For the first time, at this year’s Venice Biennale, the Iraqi pavilion, which until recently featured a variety of practices and generations of artists, opted for a single representative, the Kurdish artist Serwan Baran. His exhibition Fatherland consisted of two visceral pieces, haunted by the wars ravaging Iraq for the last 47 years. Like a contemporary Otto Dix, the artist takes radical distance from the war imagery used in the media, illustrating these disasters from his own point of view instead, that of a former soldier.
At the end of a narrow hall draped in military fabric, the visitor discovers The Last General, a life-sized sculpture violently carved out of gray clay. It represents the partially decomposed cadaver of a general—his medals are still visible—lying in a small boat that serves as a kind of sarcophagus. In the second exhibition room hangs an immense painting entitled The Last Meal that occupies the entire back wall. It depicts a bird’s-eye-view of lifeless soldiers’ bodies, piled and curled up in fetal position. Hit by a bomb as they were sharing their final meal—a strong symbol of co-existence—their twisted faces are frozen in their final expression: the wide-open mouth of screaming in terror. The artist has stuck bits of plastic plates to the canvas and hung shreds of uniforms, real-life vestiges that he collected from the families of deceased Iraqi soldiers.
These profoundly dark pieces are all the more poignant in that they are an account of Serwan Baran’s own experience. In a recent interview, he explains the necessity to shake up the visitor: “Iraq has been at war for 47 years, and I am 50 years old. I want visitors to feel shocked as they enter the exhibition, and to understand what it means to have lived a lifetime of relentless and never-ending conflict”
Two years after he was born in Baghdad in 1968, the first armed conflict exploded between the Iraqi army and the first Kurdish rebellion. It was followed by the Yom Kippur War (1973), then the Iran-Iraq War (1980-1988) during which time the artist, forced to enlist, became a soldier. Eight years later, he endured the first Gulf War as an army artist, in service of dictator Saddam Hussein’s official propaganda. His task was to portray the victories on the front and magnify their heroes (portraits in homage to generals as well as to Saddam Hussein). The chaos in Iraq doesn’t end there, extended afterwards by the American invasion in 2003, followed by sectarian violence until the recent conflict with the Islamic State.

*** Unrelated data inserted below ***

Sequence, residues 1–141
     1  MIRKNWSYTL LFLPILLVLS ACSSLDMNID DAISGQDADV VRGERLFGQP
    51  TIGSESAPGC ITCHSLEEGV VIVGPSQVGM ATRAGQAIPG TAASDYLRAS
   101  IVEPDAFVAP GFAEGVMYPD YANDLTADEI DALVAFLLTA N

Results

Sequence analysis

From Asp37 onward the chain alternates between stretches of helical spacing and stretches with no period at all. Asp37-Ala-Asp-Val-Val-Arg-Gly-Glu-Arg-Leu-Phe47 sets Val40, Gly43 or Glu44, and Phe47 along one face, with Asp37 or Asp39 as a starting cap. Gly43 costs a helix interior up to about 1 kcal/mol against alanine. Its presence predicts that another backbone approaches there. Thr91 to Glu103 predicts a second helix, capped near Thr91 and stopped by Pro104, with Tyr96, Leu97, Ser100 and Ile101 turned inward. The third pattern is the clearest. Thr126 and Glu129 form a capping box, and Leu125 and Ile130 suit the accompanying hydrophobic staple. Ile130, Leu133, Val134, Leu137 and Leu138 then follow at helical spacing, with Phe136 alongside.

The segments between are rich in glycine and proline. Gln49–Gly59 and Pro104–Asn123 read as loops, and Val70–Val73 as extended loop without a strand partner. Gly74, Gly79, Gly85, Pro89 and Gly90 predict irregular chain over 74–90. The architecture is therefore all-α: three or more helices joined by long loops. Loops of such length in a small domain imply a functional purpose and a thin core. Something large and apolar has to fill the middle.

Devastated by these images of unceasing carnage, it wouldn’t be until 2005, date of his departure to Beirut where he currently works, that his practice could transform into catharsis.
Unlike traditional paintings depicting war and history where victories are attributed to military prowess, Serwan Baran’s soldiers and generals are weak, victims with deformed faces, bodies in distress or mutilated. The general, loosely based on the legend of Ibn Ziyad, the conqueror who supposedly burned his ships to prevent anyone from turning back and galvanizing the troops, seems to have escaped in a fragile boat before drowning, whereas the soldiers in The Last Meal, seen from a distance due to the painting’s perspective, appear just as vulnerable.
But this does not make the pieces any less spectacular, on the contrary. Their brutality echoes how contemporary warfare has now weaponized the spectacle, turning it into a tactical advantage. The American and Coalition invasion of Iraq in 2003 indeed relied on a demonstrative use of spectacular force meant to intimidate the opponent but also international opinion. While Arab and Muslim media focused on the destruction and suffering caused by this military armada, American television continuously showcased the avant-garde technology behind this equipment. A study conducted by the independent press research organization Project for Excellence in Journalism showed that during the first 40 hours of war coverage by the American stations ABC, CBS, NBC, CNN and Fox , half of the reports illustrated combat actions but none of them showed any actual images of the wounded or dead.
Media does not allow one to observe war, it only offers a fragmented vision of it based on their own bias, and this erroneous construction of reality and obliteration of bodies is precisely what Serwan Baran is trying to combat.
Which is why his approach lies opposite of patriotic military propaganda—be it Iraqi or American—in which the word ‘fatherland’ operates on behalf of demagoguery. Fatherland crystallizes this stance, both by adopting an ironic title that criticizes patriotic campaigns, and by denouncing and condemning the barbarousness of war, much like painters Francisco de Goya (Les désastres de la guerre, 1810-1820), Théodore Géricault or even Otto Dix (Der Krieg, 1924) had done before him.
Translation by Maya Dalinsky
Cover: Serwan Baran, The Last General, installation view at the Iraq Pavilion, Venice 2019.
Photography Boris Kirpotin. www.kirpotin.gr © Serwan Baran / Ruya Foundation